2. Related Art

Implantable medical electrical stimulation and/or sensing leads (referred to herein as “pacemaker leads” or “lead(s)”) are well known in the fields of cardiac stimulation and monitoring, including cardiac pacing and cardioversion/defibrillation. In these applications, a pacemaker or cardioverter/defibrillator implantable pulse generator (IPG) or a cardiac monitor is coupled to the heart through one or more of such leads. The proximal end of such leads is formed with a connector element which connects to a terminal of the IPG or cardiac monitor. The distal end of such leads includes a distal stimulation and/or sensing electrode that is fixated to tissue at the desired treatment site. A lead body extends between the distal and proximal ends. The lead body comprises one or more electrical conductors surrounded by an insulating outer sleeve. Each electrical conductor provides an electrical signal path between the proximal connector element (and the IPG or cardiac monitor coupled thereto) and the distal stimulation and/or sensing electrode. A lead having a single distal stimulation and/or sensing electrode is typically referred to as a unipolar lead. A lead having two or more distal stimulation and/or sensing electrodes is typically referred to as a bipolar (or a multi-polar) lead. The leads are typically implanted using an endocardial approach or an epicardial approach. The endocardial approach is the most common method. The epicardial approach is a less common method in adults, but more common in children.

In the endocardial approach, a local anesthetic is typically applied to numb an incision area of the chest (typically adjacent the collar bone) where one or more leads and the IPG or cardiac monitor are inserted. Each lead is inserted through the incision and into a vein, then guided through a transvenous pathway to the heart with the aid of fluoroscopy. The distal lead electrode is affixed to the heart muscle at the desired treatment site. The proximal connector element of the lead is coupled to the IPG or cardiac monitor, and the IPG or cardiac monitor is placed in a pocket created under the skin in the upper chest. The transvenous pathway can include a number of twists and turns, and the lead body can be forced against bony structures of the body that apply stress to it.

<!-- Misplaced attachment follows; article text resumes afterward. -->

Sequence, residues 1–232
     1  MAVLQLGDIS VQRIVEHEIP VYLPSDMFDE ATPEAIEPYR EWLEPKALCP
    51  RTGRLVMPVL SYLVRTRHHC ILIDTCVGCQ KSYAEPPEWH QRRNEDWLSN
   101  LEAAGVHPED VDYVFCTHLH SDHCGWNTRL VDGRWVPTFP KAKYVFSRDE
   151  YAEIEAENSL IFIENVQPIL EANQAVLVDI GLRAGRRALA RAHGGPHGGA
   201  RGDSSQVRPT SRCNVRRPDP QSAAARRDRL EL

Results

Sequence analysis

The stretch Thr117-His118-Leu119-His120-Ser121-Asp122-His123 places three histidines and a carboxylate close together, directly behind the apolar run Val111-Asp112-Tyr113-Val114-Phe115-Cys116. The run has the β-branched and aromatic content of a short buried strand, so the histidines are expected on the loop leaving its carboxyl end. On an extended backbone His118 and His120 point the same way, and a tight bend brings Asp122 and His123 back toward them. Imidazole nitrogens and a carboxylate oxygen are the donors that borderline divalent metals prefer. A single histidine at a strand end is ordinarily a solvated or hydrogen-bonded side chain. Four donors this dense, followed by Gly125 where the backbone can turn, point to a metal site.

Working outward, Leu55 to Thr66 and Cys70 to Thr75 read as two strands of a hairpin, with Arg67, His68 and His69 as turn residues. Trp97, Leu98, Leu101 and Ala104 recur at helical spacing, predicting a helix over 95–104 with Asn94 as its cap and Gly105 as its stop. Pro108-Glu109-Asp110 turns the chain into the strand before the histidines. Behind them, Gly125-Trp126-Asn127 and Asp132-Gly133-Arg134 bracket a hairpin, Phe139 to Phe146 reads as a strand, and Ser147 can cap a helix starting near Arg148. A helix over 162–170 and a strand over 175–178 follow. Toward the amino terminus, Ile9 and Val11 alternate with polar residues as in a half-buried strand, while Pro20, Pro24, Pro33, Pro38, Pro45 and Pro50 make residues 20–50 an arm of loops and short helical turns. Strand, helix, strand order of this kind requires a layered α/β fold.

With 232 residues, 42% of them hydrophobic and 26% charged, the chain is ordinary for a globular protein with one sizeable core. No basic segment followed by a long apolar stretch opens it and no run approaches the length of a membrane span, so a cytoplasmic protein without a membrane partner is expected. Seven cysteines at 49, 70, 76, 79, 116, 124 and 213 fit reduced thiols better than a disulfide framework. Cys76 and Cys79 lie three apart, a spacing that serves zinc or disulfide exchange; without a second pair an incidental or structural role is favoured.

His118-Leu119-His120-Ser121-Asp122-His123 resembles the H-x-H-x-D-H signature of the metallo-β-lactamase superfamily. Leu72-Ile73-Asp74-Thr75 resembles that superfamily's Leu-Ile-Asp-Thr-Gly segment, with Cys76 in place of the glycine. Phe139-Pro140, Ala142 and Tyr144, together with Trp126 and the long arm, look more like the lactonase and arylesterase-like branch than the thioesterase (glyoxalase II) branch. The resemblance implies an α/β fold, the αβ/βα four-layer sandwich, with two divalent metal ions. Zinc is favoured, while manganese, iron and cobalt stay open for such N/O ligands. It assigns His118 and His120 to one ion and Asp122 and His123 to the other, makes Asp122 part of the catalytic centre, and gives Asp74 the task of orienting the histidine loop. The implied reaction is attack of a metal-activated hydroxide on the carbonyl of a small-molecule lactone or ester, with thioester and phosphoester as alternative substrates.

The epicardial approach requires open heart surgery wherein the distal lead electrode of one or more leads is affixed directly to the heart tissue at the desired treatment site, instead of inserting the lead(s) through a vein. The proximal connector element of the lead is coupled to the IPG or cardiac monitor, and the IPG or cardiac monitor is placed in a pocket created under the skin in the abdomen.

In all applications, the heart beats approximately 100,000 times per day or over 30 million times a year, and each beat stresses at least the distal portion of the lead body. The lead conductors and insulation are subjected to cumulative mechanical stresses, as well as material reactions as described below, that can result in degradation of the insulation or fractures of the lead conductors with untoward effects on device performance and patient well being.